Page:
“In 2022/Q2, Transcorp-SBEE and Mainstream-NIGELEC received invoices of $2.42m and $5.56m from MO and remitted $2.42m (100 per cent) and $5.55m (98 per cent) respectively.
“During the same period, Ajaokuta Steel Company was invoiced N264.76m and N66.71m by NBET (Nigeria Bulk Electricity Trading Plc) and MO respectively, However, it made no remittance.
“Paras-SBEE and Odukpani-CEET also received invoices of $2.39m and $2.03m respectively from MO during the period but no payment was made by these customers,” the power sector regulator stated.
It again pointed out that the non-settlement of market obligations by this category of market participants should be a cause for MO and NBET to activate relevant safeguards for remittance shortfalls.
For the first quarter of last year, the commission stated that no remittance was made by Ajaokuta Steel Company for invoices of N391.65m and N69.45m issued to it by NBET and MO respectively.
It stated that three international customers remitted a total of $9.98m in Q1 2022, while the amount unremitted by international consumers during the review quarter was $3.51m.
“During the same period (Q1 2022), bilateral customers including Paras-SBEE, Transcorp-SBEE, and Mainstream-NIGERLEC received invoices of $2.72m, $2.74m and $4.61m from MO and each remitted $2.72m (100 per cent), $2.74m (100 per cent), and $4.52m (98 per cent) respectively.
“Odukpani-CEET received an invoice of $3.42m from MO during the period but no payment was made by this customer,” the commission stated.
Speaking further on the development, Obonga argued that the export of electricity was being done despite the ability of Nigerians to pay for the commodity.
The NECAN secretary stressed that the joint monthly revenues from two or three power distribution companies would surpass the N23bn garnered from the international customers all through last year.
“You have a large family and your resources are very meagre to take care of them. Meanwhile, your people are starving of hunger, and the little resource that you have, you say you are exporting it. How can that be explained?
“It is not that your people or Nigerians cannot afford to pay. As we speak, a Disco raked about N15bn in one month, made N14bn in another month, and you now prefer to leave these Discos and wheel electricity to people who will give you N23bn in a year?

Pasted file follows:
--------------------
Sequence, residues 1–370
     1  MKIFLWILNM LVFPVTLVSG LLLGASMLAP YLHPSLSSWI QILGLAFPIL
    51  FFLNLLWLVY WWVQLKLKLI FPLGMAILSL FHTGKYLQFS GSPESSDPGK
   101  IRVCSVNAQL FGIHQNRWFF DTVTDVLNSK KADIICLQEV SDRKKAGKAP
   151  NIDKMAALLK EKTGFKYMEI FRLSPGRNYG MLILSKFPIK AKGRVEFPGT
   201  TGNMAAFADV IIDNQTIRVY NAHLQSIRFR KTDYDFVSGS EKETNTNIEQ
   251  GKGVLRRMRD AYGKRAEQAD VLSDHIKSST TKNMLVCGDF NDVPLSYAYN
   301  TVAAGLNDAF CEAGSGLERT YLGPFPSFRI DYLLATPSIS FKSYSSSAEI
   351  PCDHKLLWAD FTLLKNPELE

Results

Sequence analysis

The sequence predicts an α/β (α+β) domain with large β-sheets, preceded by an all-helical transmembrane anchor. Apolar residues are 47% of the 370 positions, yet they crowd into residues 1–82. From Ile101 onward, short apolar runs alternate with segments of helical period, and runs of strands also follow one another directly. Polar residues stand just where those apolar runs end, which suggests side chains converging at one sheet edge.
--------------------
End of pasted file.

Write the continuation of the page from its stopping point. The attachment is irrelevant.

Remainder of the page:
“And you didn’t even recover all the money, since some of them haven’t paid completely. Well, summarily I’ll say it is an avenue for corruption and the new government of President Bola Tinubu should look into it thoroughly,” Obonga stated.
Officials at the power regulatory commission explained that the export of electricity from Nigeria to neighbouring countries was based on agreements.
“There are certain conditions that led to the export of electricity to these countries and it is an obligation that Nigeria has to fulfill. This has been explained by senior government officials before,” a source at NERC, who pleaded not to be named due to lack of authorisation, stated.
However, in August last year, the Transmission Company of Nigeria explained that the export of electricity from Nigeria to other nations was providing an avenue to earn more foreign exchange for national development.
The Managing Director, TCN, Sule Abdulaziz, gave the explanation for electricity export at the Nigerian Power Consumers Forum, as he also confirmed that, “Nigeria, through TCN, had been exporting electricity to Niger, Benin and Togo under a country-to-country arrangement.”
Abdulaziz was quoted in a statement issued after the event by the Lead of the Advocacy Team, Nigerian Power Consumers Forum, Yusuf Bako.
The TCN boss, who doubles as the Chairman, Executive Board of West African Power Pool, had said the regional market would further enable generation companies to export power to more West African countries, which would be evacuated by TCN transmission infrastructure.